The thinking man’s rock star gets accessible
By Alan Sculley
In the course of recording Look into the Eyeball, David Byrne realized that he had written some of the most melodic and accessible music of his career for this 2001 release. It was a thought that unnerved the multitalented songwriter, performer, filmmaker, and artist.
“I have a little bit of that prejudice that I think a lot of us have,” Byrne says. “That if something sounds too easy on the ears, if it sounds kind of pretty or beautiful, your first assumption is that it doesn’t have much depth to it, or it doesn’t have anything radical or important to say.”
“I think it’s an erroneous assumption,” he continues. “But it’s one that’s there. And I tie that over into when I hear my own stuff. If something sounds real pretty, I think, ‘Oh, that’s not very good.’ But I think it’s a false assumption to [dismiss things] that way.”
The need to challenge himself musically has been an ongoing thread throughout Byrne’s career, be it with the Talking Heads, the innovative, multifaceted group he cofounded in 1975, or since leaving that band in the late ’80s to concentrate on his solo career.
Over the course of eight studio albums, the Talking Heads’ music evolved from spare, angular pop into a full-bodied, groove-oriented sound that drew strongly on African and other worldbeat rhythms without losing the pop sense that had always been a major facet of the band.
In fact, Byrne’s decision to leave the Talking Heads came partly from realizing that he couldn’t pursue some of his musical ambitions within the context of the group.
At the time, the Talking Heads had released their final studio CD, Naked, and Byrne had turned his attention toward his ever-growing interest in worldbeat music. He wanted to release a Latin-flavored album, an idea that didn’t fly with the three other members of the Talking Heads, guitarist Jerry Harrison, bassist Tina Weymouth, and drummer Chris Frantz.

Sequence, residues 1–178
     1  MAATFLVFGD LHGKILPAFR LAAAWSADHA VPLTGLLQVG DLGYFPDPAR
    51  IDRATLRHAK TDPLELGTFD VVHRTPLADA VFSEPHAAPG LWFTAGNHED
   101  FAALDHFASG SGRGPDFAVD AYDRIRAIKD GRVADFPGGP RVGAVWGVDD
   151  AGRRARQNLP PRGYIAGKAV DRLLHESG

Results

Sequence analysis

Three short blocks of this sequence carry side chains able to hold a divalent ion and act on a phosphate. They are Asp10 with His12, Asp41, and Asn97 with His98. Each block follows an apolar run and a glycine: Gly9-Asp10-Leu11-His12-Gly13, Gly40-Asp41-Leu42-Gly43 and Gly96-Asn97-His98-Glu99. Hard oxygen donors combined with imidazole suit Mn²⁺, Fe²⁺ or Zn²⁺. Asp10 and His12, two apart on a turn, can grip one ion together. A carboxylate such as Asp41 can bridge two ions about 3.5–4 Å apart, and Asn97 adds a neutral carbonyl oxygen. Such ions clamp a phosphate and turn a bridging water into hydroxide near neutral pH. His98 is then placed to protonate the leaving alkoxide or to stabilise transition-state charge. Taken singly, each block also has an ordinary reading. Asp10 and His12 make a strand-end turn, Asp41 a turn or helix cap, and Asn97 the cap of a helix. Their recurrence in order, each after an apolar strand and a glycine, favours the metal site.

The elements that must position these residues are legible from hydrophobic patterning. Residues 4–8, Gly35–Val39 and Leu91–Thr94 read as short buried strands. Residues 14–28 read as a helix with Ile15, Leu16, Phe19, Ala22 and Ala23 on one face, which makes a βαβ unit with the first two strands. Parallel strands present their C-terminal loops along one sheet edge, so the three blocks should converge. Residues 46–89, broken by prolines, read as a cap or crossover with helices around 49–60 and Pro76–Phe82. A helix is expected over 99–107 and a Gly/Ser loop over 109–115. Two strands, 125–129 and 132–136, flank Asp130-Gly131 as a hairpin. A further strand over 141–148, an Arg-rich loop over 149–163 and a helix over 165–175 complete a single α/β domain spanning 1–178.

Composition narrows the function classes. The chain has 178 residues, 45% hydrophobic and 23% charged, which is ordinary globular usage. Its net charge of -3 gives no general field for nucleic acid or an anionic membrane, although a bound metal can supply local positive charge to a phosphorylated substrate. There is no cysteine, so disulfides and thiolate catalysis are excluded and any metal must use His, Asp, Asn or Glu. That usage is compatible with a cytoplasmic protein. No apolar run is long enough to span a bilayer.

“I wanted to do a Latin record, and, well, I took some of the songs to Talking Heads, but they didn’t want to do them,” Byrne said. “That didn’t leave me too many choices.”
Of course there were other issues, one of which was the tension resulting from Byrne’s growing prominence as the Heads’ focal point during the latter stages of the band’s tenure.
By the mid ’80s, Byrne had branched out into a variety of outside projects. Working with producer Brian Eno, he had explored African music on 1981’s My Life in the Bush of Ghosts. He had directed the 1986 movie True Stories. He had also collaborated with Robert Wilson on the theatrical production The Knee Plays and with noted choreographer Twyla Tharp on the Broadway production of The Catherine Wheel.
Amid such projects, the New York Times Magazine did a cover story on Byrne, proclaiming him the “thinking man’s rock star.” He was also featured on the cover of Time magazine, which called Byrne “rock’s renaissance man.”
It was clear that the other members of the Talking Heads resented the assumption that Byrne was the creative engine behind the group. In some circles, it was suggested that Byrne had essentially taken over the Talking Heads.
“They’re right about part of that,” Byrne says when asked about the situation. “I don’t know about taking over [the band]. I don’t think that part happened. But the press was definitely focusing on me, which I think was not a good thing. Yeah, it was very divisive, and of course a lot of the press liked that, too.”